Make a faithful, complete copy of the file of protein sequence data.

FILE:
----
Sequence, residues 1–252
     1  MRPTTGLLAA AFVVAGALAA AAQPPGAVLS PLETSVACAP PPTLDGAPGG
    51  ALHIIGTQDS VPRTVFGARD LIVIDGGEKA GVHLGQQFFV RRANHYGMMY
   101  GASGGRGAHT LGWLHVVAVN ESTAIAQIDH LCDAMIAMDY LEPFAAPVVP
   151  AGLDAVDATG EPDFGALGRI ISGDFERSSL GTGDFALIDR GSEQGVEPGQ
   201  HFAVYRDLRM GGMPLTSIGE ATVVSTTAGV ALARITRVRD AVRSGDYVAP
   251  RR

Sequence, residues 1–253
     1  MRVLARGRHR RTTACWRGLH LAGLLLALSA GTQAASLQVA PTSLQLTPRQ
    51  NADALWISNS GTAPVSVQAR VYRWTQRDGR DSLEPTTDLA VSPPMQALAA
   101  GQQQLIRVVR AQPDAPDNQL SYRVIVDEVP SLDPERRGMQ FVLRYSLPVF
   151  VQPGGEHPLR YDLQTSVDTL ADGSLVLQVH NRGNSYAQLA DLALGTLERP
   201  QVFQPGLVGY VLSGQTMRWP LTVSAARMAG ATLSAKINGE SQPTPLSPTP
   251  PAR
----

Sequence, residues 1–252
     1  MRPTTGLLAA AFVVAGALAA AAQPPGAVLS PLETSVACAP PPTLDGAPGG
    51  ALHIIGTQDS VPRTVFGARD LIVIDGGEKA GVHLGQQFFV RRANHYGMMY
   101  GASGGRGAHT LGWLHVVAVN ESTAIAQIDH LCDAMIAMDY LEPFAAPVVP
   151  AGLDAVDATG EPDFGALGRI ISGDFERSSL GTGDFALIDR GSEQGVEPGQ
   201  HFAVYRDLRM GGMPLTSIGE ATVVSTTAGV ALARITRVRD AVRSGDYVAP
   251  RR

Sequence, residues 1–253
     1  MRVLARGRHR RTTACWRGLH LAGLLLALSA GTQAASLQVA PTSLQLTPRQ
    51  NADALWISNS GTAPVSVQAR VYRWTQRDGR DSLEPTTDLA VSPPMQALAA
   101  GQQQLIRVVR AQPDAPDNQL SYRVIVDEVP SLDPERRGMQ FVLRYSLPVF
   151  VQPGGEHPLR YDLQTSVDTL ADGSLVLQVH NRGNSYAQLA DLALGTLERP
   201  QVFQPGLVGY VLSGQTMRWP LTVSAARMAG ATLSAKINGE SQPTPLSPTP
   251  PAR